Data management#

A challenging aspect of tutorial development is how to manage dataset dependencies. Ideally, the data you use will be publicly accessible and permanent for reproducibility. In this section we present practical guidelines for effective data sharing for Hackweek Tutorials and Projects.


Remember, a hackweek tutorial is learning-oriented and should guide participants through a step-wise process with a meaningful outcome. If you typically work with large datasets, consider designing your tutorial to work with a small subset (~10 MB) that still enables your learning objectives to be met.

Computational resource considerations#

In order for tutorial notebooks to be executable on widely available public computing infrastructure we recommend targeting limited computational requirements such as 2-core CPU, 8 GB of RAM memory, 10 GB of disk space (at the time of writing)

Guidelines for Tutorials#

Try to use the smallest amount of data possible for your tutorial. If your tutorial starts with downloading data from a remote location, keep in mind that it may take longer than usual if hundreds of participants are accessing the same datasets simultaneously. Below we provide recommendations for common data volumes.


If your tutorial just needs a small image, or tabular data like a .csv file, go ahead and add it to the repository along with your tutorial code.

10 - 100 MB#

You can create a separate repository on GitHub to publicly host your tutorial dataset. Per GitHub repository limits, individual files are required to be < 100 MB.


If using a subset be sure to capture data provenance, for example by including a script that you used to access the original full-sized dataset from the data provider.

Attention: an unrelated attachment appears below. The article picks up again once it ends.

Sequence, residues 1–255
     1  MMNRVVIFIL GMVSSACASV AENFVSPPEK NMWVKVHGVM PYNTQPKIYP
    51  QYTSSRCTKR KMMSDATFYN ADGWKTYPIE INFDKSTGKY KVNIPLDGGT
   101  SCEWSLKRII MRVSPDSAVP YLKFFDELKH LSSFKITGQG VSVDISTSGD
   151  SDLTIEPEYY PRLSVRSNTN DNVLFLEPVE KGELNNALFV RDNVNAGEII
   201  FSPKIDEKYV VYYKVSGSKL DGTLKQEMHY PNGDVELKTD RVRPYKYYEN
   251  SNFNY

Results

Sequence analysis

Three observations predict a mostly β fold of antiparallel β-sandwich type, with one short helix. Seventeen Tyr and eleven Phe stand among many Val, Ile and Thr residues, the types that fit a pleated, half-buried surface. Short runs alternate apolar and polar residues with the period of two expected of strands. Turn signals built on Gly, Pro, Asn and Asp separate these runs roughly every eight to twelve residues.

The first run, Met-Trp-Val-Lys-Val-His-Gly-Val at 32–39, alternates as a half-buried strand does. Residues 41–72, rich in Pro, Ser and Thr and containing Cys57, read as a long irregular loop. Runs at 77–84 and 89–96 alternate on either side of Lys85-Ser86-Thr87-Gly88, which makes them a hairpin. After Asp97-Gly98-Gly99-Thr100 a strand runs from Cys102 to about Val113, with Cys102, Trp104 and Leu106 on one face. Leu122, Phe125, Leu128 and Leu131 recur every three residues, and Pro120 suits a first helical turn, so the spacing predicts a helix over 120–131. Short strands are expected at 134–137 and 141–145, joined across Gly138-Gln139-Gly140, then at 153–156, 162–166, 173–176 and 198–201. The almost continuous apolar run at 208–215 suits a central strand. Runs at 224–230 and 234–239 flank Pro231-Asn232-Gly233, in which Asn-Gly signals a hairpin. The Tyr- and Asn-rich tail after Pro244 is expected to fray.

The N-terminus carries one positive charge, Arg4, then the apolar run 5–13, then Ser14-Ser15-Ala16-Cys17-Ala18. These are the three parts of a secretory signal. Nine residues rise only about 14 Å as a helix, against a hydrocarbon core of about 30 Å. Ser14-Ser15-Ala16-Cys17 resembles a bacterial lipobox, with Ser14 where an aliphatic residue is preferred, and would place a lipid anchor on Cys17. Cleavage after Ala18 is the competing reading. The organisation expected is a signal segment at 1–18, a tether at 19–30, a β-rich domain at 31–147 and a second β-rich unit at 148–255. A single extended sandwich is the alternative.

GitHub Release artifacts#

Generally it is not advisable to store binary files in GitHub repositories. Event if you make small changes to a file, an entire new copy is saved in the revision history and the size of the repository will quickly get unwieldy.

GitHub Releases are a feature of GitHub repositories that archive a snapshot of files in your repository in addition to other auxiliary files. According to official GitHub documentation:

You can create a release to package software, along with release notes and links to binary files, for other people to use.

At the time of writing, each file included in a release must be under 2 GiB. So storing tutorial data as files attached to a GitHub release of tutorial code can work well to keep code and associated data together.


The GitHub Command Line Interface (CLI) provides a convenient method for downloading release data

>100 MB#

Stream from URLs#

Increasingly there are ways to load remote data in a streaming fashion, which allows you to avoid download and storage altogether! Essential this means using software that can read URLs instead of local file paths, such as at the beginning of this tutorial.


Software that can read URLs still ultimately must download data! It will either be stored only in RAM, or as a temporary file on your hard drive, so be aware that you are still constrained by your local computing resources.


Check that scheduled server downtime for maintenance isn’t planned during your presentation! Also, be aware that URLs can be changed at any time by the data provider.


Another approach is to upload your data on Zenodo, which at the time of writing has a standard 50 GB limit (


fatiando/pooch is a nice Python utility to fetch data from Zenodo

Data permanence considerations#

Be aware that GitHub repositories can be deleted at any time by repository owners. For guaranteed long-term (10+years) hosting of a tutorial dataset that receives a citable Digital Object Identifier (DOI) you can use You can easily link a GitHub repository with Zenodo

Guidelines for Projects#

JupterHub Data Sharing#

During a hackweek, teams often want to share data with each other for collaborative analysis. In contrast to tutorial datasets which are usually hand-picked, project data is dynamic and changing over time. By using a JupyterHub during a hackweek, participants can take advantage of networked storage drives and pre-configured Cloud Object Storage.


JupyterHubs do not always have the same configuration, but we encourage you to review this guide from 2i2c which explains options for JupyterHub storage (